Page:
Just like in the genomics community, the issue of biases is also heavily discussed in the Artificial Intelligence community, and researchers globally are grappling with this problem . One of the ways to solve this issue is to share data – because more powerful, reproducible and generalizable results can be achieved if more, and more diverse data are produced and shared across institutions, and across provinces.
However, two issues arise when you want to share patient data: competition is fierce, and there are privacy and other legal concerns. Indeed, sharing patient data broadly can be perceived as risky: there are complex federal and provincial regulations at play in order to protect patient privacy, especially if it contains personal information, or is considered “identifiable”, such as a whole genome sequence. As data custodians, healthcare institutions are in charge of ensuring this data is secured and appropriately protected, which sometimes generates a reluctance to share. For companies, this data may also contain information and knowledge protected by Intellectual Property provisions. And for researchers, who rely on scarce and extremely competitive funding to produce data and generate publishable results, sharing data can mean losing one’s competitive advantage.
To address these problems, Imagia has developed a technological solution: Our EVIDENS platform is based on the concept of federated learning, where raw patient data always remains within the institution in which they have been produced, and only insights on the data are shared. Clinicians and researchers are able to collaborate across multiple institutes without ever sharing any raw data, which allows us to overcome this lack of diversity and sample size while alleviating major privacy concerns (for more details you can refer to our previous blog post)
This innovative approach is also used in the new Digital Health and Discovery Platform, a federally funded, pan Canadian initiative co-led by Imagia and the Terry Fox Research Institute. The DHDP aims to accelerate precision medicine by bringing together leaders in the fields of Artificial Intelligence and healthcare. Partners in the DHDP are also developing ways to engage public and private partners in mutually beneficial projects to stimulate innovation and commercialization of clinical products.
Third, there is a lack of standardization in genomic data generation, analysis and interpretation. Although a great majority of genomic data is produced to date on machines engineered by the global industry leader Illumina, the way clinicians and researchers go from sequencing machine outputs to clinical interpretation varies greatly. This is not to say that there are no standardization efforts in progress, the most notable being led by the Global Alliance for Genomics and Health or GA4GH. Imagia is actively participating in this effort, by working directly with Illumina on a project aiming notably at generating and testing the efficiency of standard genomic pipelines. (see our press release here). The problem with standards is that even when they exist, it is challenging to stimulate large groups to use them. In order to incentivize the community to use a standardized approach, state of the art technological and software tools that we and others are developing will be baked directly into our DHDP platform, and we will help fund projects that use them, giving Canadian researchers a strong incentive to include them in their research practices.
Finally, genomic data is most useful if interpreted in the context of a patient’s clinical journey. Genetic data alone is often not enough to gain a full understanding of a patient’s condition, which can only be achieved when combining multiple sources of data: patient records, clinician reports, medical test results (e.g laboratory blood tests), imaging data, etc…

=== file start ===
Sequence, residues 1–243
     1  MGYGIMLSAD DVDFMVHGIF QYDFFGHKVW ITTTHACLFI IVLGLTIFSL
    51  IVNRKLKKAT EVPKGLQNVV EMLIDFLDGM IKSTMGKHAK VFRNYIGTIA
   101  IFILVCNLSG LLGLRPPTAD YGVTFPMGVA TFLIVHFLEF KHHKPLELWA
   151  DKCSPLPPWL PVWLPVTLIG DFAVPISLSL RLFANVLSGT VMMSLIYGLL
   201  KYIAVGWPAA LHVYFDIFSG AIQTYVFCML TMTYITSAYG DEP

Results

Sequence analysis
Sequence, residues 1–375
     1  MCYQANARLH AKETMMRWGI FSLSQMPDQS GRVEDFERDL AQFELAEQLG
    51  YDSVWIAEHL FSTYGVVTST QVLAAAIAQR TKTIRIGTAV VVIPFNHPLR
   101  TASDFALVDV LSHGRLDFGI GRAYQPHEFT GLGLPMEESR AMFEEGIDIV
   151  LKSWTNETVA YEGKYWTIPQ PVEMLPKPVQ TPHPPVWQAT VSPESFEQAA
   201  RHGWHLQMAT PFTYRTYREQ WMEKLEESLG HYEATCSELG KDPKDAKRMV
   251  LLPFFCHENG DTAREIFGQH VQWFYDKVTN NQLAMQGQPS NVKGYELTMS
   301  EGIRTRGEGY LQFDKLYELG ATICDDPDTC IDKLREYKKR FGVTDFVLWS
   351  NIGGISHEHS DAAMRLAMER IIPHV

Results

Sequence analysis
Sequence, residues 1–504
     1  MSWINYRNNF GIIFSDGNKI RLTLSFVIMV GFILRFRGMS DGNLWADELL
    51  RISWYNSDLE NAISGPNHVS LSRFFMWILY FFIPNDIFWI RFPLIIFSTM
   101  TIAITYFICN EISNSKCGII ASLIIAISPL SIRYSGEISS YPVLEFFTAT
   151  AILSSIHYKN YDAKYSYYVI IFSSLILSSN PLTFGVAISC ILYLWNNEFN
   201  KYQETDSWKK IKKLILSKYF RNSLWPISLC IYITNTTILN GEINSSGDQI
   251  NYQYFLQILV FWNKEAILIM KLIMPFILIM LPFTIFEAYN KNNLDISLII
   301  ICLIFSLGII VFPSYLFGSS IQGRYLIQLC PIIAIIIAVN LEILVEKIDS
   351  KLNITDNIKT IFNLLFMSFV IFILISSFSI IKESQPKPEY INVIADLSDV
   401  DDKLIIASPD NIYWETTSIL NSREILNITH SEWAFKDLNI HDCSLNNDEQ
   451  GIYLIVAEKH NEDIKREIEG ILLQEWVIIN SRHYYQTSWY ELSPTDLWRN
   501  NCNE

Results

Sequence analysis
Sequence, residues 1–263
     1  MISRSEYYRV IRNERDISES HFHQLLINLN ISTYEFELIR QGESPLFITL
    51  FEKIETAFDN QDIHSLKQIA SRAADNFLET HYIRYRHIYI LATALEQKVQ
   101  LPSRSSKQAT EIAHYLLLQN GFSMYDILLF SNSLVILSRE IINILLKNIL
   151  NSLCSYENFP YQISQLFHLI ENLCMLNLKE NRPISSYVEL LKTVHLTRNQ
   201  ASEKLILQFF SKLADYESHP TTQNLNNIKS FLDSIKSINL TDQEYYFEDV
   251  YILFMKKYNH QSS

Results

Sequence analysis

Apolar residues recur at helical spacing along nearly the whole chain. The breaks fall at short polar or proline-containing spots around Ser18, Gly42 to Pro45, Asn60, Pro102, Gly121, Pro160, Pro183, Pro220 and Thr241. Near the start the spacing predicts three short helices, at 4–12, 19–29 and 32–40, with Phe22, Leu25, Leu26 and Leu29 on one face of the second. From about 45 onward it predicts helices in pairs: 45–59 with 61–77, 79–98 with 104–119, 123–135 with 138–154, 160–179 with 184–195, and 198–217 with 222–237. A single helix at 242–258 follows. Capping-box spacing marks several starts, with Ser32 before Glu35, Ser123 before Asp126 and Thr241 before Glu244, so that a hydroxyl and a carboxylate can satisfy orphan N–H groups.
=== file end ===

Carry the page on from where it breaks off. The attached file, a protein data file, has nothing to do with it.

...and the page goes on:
As a response to this challenge, our EVIDENS platform supports ingestion of multiple sources of data, and we have developed advanced Artificial Intelligence methods to efficiently and reliably combine these rich datasets. For instance, we are working on a project to develop a machine learning (ML) algorithm that can process a combination of clinical data, pathology report, genomic data and clinical imaging data in lung cancer patients. This allows us to generate more powerful models and increases our potential for discoveries.
Our hope for the future
Our vision at Imagia is that genomic data, combined with other clinical data, and analyzed via cutting edge AI/ML technologies, has the potential to help more patients affected by high burden diseases in Canada. In order to take on this challenge, we are partnering with Canadian and global leaders in genomics. Because patients are at the center of everything we do, our team has developed technological solutions to ensure that patient data is always secure and protected, and that their privacy is respected throughout our pipeline. Imagia is actively developing methods to generate discoveries that will be translated into better diagnosis/treatment for all patients, even if they have not had a genetic test. There is still a long way to go until whole genome sequencing is a routine clinical practice, but in the meantime, we believe that AI/ML methods can help unlock the clinical potential of genomic data.
 Canadian Cancer Statistics Advisory Committee. Canadian Cancer Statistics: A 2020 special report on lung cancer. Toronto, ON: Canadian Cancer Society; 2020. Available at: cancer.ca/Canadian-Cancer-Statistics-2020-EN (accessed [March 26, 2021]).
 Abul-Husn NS, Kenny EE. Personalized Medicine and the Power of Electronic Health Records. Cell. 2019 Mar 21;177(1):58-69. doi: 10.1016/j.cell.2019.02.039. PMID: 30901549; PMCID: PMC6921466.
 Bien SA, Wojcik GL, Hodonsky CJ, Gignoux CR, Cheng I, Matise TC, Peters U, Kenny EE, North KE. The Future of Genomic Studies Must Be Globally Representative: Perspectives from PAGE. Annu Rev Genomics Hum Genet. 2019 Aug 31;20:181-200.
 Reproducibility in machine learning for health research: Still a ways to go. Matthew B. A. Mcdermott, Shirly Wang, Nikki Marinsek, Rajesh Ranganath, Luca Foschini, Marzyeh Ghassemi, Science Translational Medicine, 24 Mar 2021.